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Unions Plan Massive Global Campaign Against Wal-Mart

The New York Times

Unions Plan Big Drive for Better Pay at Nonunion Wal-Mart

By STEVEN GREENHOUSE

December 11, 2004

The A.F.L.-C.I.O. and more than a half dozen unions are planning an unusual
- and unusually expensive - campaign intended to pressure Wal-Mart, the
world's largest retailer, to improve its wages and benefits.

The campaign will be highly unusual because it will not, at least at first,
focus on unionizing Wal-Mart workers, but will instead focus on telling
Americans that Wal-Mart - with wages averaging between $9 and $10 an hour -
is pulling down wages and benefits at companies across the nation.

The unions are talking of spending $25 million a year on the effort, more
than has ever been spent before in a union campaign against a single
company.

"This isn't a campaign, this is a movement," said Greg Denier, spokesman
for the United Food and Commercial Workers Union. "There's no precedent for
this. It's a movement to confront the reality of Wal-Mart-ization. No other
company has ever had the global economic impact that Wal-Mart has."

Wal-Mart has 1.2 million workers in the United States, more than any other
company, but no unionized workers. It has a history of fiercely resisting
unionization efforts.

Wal-Mart executives say that its wages are competitive with those of other
retailers. But critics assert that now that it has become the nation's
largest company, Wal-Mart, like General Motors of old, has a responsibility
to be a model on wages and benefits.

Christi Davis Gallagher, a Wal-Mart spokeswoman, warned that higher wages
could lead to higher prices.

"It appears the unions want to take millions of dollars in dues from their
members and use them to rob average Americans of their right to pay less for
the basics in life," Ms. Gallagher said. "You need to ask one question: Is
it fair to ask American consumers to pay higher prices to subsidize a
relatively small pocket of individuals just because they are making the most
noise?"

The new effort, to be announced officially in several months, will also be
unusual because most union campaigns involve just one union. Because
Wal-Mart is so huge, labor leaders have concluded that several unions should
work with the A.F.L.-C.I.O. on the effort.

Among those participating are the Service Employees International Union, the
International Brotherhood of Teamsters and the United Food and Commercial
Workers Union. Many union leaders have criticized the food and commercial
workers for doing too little over the past decade to unionize Wal-Mart, but
the union's new president, Joseph Hansen, has vowed to do more.

Andrew L. Stern, the service employees' president, said: "Wal-Mart is much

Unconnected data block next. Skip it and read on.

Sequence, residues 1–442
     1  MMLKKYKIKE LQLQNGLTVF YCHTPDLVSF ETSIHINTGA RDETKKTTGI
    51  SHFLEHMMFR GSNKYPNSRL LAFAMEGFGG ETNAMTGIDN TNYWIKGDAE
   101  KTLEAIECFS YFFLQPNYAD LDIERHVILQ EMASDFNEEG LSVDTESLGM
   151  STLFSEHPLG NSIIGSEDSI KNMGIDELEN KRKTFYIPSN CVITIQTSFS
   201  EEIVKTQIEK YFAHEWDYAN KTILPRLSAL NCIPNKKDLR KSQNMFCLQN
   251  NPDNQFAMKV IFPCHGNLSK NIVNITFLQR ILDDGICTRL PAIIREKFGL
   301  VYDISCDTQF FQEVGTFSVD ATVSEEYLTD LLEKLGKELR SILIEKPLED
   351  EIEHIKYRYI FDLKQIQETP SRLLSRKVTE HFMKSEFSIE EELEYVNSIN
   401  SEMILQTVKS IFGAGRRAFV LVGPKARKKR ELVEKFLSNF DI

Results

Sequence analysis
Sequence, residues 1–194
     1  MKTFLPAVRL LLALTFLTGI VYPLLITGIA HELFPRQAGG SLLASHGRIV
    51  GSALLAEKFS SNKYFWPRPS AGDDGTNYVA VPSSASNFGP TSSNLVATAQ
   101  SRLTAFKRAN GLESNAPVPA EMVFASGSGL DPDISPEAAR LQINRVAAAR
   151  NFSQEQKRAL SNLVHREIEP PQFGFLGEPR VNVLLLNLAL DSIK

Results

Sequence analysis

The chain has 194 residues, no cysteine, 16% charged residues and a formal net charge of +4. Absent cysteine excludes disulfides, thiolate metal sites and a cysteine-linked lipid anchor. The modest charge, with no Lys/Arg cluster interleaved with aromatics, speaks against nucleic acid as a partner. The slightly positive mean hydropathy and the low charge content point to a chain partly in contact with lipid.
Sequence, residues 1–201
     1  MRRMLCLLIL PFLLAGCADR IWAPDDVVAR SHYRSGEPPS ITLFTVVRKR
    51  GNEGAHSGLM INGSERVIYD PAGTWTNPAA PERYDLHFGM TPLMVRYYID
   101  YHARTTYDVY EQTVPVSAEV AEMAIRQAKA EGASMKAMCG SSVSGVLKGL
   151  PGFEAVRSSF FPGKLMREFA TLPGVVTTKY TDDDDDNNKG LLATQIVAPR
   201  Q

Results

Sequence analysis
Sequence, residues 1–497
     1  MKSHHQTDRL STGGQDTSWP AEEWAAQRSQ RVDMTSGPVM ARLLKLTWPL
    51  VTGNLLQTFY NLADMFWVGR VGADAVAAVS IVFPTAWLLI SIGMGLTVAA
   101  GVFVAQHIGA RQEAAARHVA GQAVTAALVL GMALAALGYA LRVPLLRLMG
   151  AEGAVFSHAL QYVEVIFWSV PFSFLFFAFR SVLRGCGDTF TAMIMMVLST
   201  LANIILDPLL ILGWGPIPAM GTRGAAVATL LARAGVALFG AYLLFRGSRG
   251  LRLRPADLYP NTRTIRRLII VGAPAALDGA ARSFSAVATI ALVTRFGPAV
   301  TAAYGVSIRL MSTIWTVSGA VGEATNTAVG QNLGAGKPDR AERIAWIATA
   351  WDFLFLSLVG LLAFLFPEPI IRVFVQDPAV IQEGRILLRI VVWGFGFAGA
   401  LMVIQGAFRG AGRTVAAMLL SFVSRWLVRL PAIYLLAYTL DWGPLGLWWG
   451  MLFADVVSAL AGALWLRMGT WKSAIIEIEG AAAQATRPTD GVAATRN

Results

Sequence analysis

too big for any one union to tackle. The Wal-Mart-ing of the economy is a
threat to every union."

Last winter, California's three largest supermarket chains waged a 20-week
labor battle, involving a strike and lockout, in which they urged the food
and commercial workers union to make major concessions on wages and benefits
to help the companies compete with Wal-Mart. The supermarkets emerged
victorious, getting the union to agree to a lower wage and benefit scale for
new hires.

The unions plan to work with community groups fighting the construction of
Wal-Mart stores and are contemplating lawsuits accusing the company of
forcing employees to work unpaid hours off the clock. The unions are also
planning a publicity campaign in which union members distribute fliers and
hold protests at hundreds of the nation's 3,600 Wal-Mart stores.

The unions also plan an intense effort in several regions where they might
set up committees of current and former Wal-Mart workers to publicize what
they consider inferior wages and health benefits. These committees might
also serve as the base for future unionization efforts.

While attending a labor conference in Japan on Monday, the A.F.L.-C.I.O.'s
president, John J. Sweeney, met with union leaders from several countries
that have Wal-Mart stores, including Mexico and Brazil, to strategize on how
to pressure Wal-Mart. Mr. Sweeney said the unions would urge Wal-Mart to
stop pressing suppliers to cut costs so low that the suppliers' workers
receive low wages.

"We're also concerned about the 20,000 workers at Wal-Mart stores in China
and about the 6 million Chinese workers who produce goods sold at
Wal-Marts," he said.

Mr. Stern of the service employees' union has proposed financing the
campaign by using the $25 million the A.F.L.-C.I.O. receives yearly from its
Union Plus credit card.

Mr. Sweeney said, "I'm not sure if $25 million is enough."

Ms. Gallagher of Wal-Mart said, "One thing that the unions seem to miss is
that Wal-Mart's ability to offer the lowest prices around is driven by a
passion to drive costs out of our business at all levels," including
information technology.

She added, "While the unions want people to believe that we drive down our
costs primarily through our wages or benefits, that is simply not the case."